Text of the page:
#ParoNacionalColombia and Digital Security Considerations for Police Brutality Protests

In the wake of Colombia’s tax reform proposal, which came as more Colombians fell into poverty as a result of the pandemic, demonstrations spread over the country in late April, reviving social unrest and socio-economic demands that led people to the streets in 2019.The government’s attempts to reduce public outcry by withdrawing the tax proposal to draft a new text did not work. Protests continue online and offline. Violent repression on the ground by police, and the military presence in Colombian cities, have raised concerns among national and international groups—from civil organizations across the globe to human rights bodies that are calling on the government to respect people’s constitutional rights to assemble and allow free expression on the Internet and the streets. Media has reported on government crackdowns against the protestors, including physical violence, missing persons, and deaths, seizing of phones and other equipment used to document protests, and police action, as well as internet disruptions and content restrictions or takedowns by online platforms.

As the turmoil and demonstrations continue, we’ve put together some useful resources from EFF and allies we hope can help those attending protests and using technology and the Internet to speak up, report, and organize. Please note that the authors of this post come from primarily U.S.- and Brazil-based experiences. The post is by no means comprehensive. We urge readers to be aware that protest circumstances change quickly; digital security risks, and their mitigation, can vary depending on your location and other contexts. 

This post has two sections covering resources for navigating protests and resources for navigating networks.

Resources for Navigating Protests

Resources for Navigating Network Issues

Resources for Navigating Protests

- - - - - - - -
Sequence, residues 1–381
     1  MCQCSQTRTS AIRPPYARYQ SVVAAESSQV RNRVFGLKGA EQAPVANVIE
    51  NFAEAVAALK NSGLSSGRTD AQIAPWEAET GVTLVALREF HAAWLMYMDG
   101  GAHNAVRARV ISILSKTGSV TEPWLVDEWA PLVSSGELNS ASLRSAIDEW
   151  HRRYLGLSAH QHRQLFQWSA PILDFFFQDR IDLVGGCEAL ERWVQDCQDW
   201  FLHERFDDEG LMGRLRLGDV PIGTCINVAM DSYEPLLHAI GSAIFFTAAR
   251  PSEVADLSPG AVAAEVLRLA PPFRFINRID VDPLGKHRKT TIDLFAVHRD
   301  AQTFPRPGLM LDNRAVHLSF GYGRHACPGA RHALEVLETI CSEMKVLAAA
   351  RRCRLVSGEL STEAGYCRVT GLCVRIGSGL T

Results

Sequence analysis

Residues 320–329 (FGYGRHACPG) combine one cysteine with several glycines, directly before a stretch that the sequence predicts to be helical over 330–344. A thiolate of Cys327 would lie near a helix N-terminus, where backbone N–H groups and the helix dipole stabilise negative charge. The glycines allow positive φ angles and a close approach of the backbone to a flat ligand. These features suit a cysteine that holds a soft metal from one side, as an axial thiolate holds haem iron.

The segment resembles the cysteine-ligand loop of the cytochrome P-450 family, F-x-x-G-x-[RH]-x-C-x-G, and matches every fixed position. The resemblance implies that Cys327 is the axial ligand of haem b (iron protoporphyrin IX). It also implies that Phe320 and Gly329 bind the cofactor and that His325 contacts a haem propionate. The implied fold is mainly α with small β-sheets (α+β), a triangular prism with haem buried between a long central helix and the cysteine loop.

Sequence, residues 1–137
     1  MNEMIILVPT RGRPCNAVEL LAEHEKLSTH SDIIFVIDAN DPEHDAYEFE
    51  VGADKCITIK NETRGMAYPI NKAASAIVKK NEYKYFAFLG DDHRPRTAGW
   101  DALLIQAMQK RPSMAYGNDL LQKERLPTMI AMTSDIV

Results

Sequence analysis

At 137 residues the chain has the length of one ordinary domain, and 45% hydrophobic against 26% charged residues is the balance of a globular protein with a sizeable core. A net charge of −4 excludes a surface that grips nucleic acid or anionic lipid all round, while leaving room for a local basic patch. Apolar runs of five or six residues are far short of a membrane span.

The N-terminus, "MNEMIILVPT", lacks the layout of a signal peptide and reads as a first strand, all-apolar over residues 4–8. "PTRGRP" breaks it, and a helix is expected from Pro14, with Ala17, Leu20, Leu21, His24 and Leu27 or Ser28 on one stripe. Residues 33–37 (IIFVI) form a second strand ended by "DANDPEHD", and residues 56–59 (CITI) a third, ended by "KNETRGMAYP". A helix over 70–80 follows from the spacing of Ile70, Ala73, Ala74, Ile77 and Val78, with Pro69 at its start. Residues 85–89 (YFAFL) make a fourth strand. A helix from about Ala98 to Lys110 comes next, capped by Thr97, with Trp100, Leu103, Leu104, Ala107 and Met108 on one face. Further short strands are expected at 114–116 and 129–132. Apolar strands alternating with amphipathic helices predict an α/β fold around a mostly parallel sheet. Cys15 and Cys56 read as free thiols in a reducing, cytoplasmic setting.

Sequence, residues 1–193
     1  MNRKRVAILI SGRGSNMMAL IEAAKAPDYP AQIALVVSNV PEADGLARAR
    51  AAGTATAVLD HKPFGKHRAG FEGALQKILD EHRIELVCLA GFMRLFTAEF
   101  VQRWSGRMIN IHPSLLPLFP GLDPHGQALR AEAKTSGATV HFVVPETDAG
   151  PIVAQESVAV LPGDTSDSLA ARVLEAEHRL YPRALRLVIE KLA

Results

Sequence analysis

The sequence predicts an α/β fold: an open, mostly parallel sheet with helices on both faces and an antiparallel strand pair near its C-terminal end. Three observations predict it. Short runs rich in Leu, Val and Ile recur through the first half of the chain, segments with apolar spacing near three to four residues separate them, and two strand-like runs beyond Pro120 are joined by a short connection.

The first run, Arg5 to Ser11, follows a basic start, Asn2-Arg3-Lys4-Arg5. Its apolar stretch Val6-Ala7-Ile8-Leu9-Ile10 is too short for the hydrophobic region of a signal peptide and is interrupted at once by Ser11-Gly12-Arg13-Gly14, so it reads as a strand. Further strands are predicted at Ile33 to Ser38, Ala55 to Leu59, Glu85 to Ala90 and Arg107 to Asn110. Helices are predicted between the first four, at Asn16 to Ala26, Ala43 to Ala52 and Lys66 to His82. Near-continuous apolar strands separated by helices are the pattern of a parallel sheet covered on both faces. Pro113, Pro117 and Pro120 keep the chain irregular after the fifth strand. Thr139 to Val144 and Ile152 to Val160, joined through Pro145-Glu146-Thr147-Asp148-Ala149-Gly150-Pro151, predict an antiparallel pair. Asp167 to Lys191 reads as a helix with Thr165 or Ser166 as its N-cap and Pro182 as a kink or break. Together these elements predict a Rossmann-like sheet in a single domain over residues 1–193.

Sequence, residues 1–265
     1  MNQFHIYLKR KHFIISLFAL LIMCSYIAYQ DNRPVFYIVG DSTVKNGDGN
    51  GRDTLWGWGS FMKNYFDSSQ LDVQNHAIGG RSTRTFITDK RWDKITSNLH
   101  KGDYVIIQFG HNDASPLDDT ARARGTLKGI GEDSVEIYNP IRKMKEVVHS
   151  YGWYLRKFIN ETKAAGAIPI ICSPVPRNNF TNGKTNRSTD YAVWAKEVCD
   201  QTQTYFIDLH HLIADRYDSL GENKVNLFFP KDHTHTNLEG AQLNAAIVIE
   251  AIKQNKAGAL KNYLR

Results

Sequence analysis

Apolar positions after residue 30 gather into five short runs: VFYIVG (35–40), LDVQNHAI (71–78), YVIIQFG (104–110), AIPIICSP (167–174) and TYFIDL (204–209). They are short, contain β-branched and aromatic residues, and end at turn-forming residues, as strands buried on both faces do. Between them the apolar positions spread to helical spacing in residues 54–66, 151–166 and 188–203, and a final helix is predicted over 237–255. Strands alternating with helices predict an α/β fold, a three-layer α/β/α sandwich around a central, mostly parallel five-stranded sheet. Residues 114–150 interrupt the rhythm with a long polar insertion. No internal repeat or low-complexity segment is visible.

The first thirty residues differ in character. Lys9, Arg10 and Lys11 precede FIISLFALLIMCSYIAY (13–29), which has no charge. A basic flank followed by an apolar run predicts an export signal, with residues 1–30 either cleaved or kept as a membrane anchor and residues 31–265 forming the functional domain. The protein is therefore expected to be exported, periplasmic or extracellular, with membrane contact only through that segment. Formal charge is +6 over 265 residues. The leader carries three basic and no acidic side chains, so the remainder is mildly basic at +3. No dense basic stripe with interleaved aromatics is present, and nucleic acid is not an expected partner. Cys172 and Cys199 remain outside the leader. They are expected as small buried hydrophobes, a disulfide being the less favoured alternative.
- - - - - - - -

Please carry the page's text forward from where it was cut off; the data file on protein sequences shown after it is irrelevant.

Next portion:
To attend protests safely, demonstrators need to consider many factors and threats: these range from protecting themselves from harassment and their own devices’ location tracking capabilities, to balancing the need to use technologies for documenting law enforcement brutality and disseminating information. Another consideration is using encryption to protect data and messages from unintended readers. Some resources that may be helpful are:

For Protestors (Colombia)

 For Bringing Devices to Protests

For Using Videos and Photos to Document Police Brutality, Protect Protesters’ Faces, and Scrub Metadata

Resources for Navigating Network Issues

What happens if the Internet is really slow, down altogether, or there’s some other problem keeping people from connecting online? What if social media networks remove or block content from being widely seen, and each platform has a different policy for addressing content issues? We’ve included some resources for understanding hindrances to sending messages and posts or connecting online. 

For Network and Platform Blockages (Colombia) 

For Network Censorship 

For Selecting a Circumvention Tool

If circumvention (not anonymity) is your primary goal for accessing and sending material online, the following resources might be helpful. Keep in mind that Internet Service Providers (ISPs) are still able to see that you are using one of these tools (e.g. that you’re on a Virtual Private Network (VPN) or that you’re using Tor), but not where you’re browsing, nor the content of what you are accessing. 

VPNs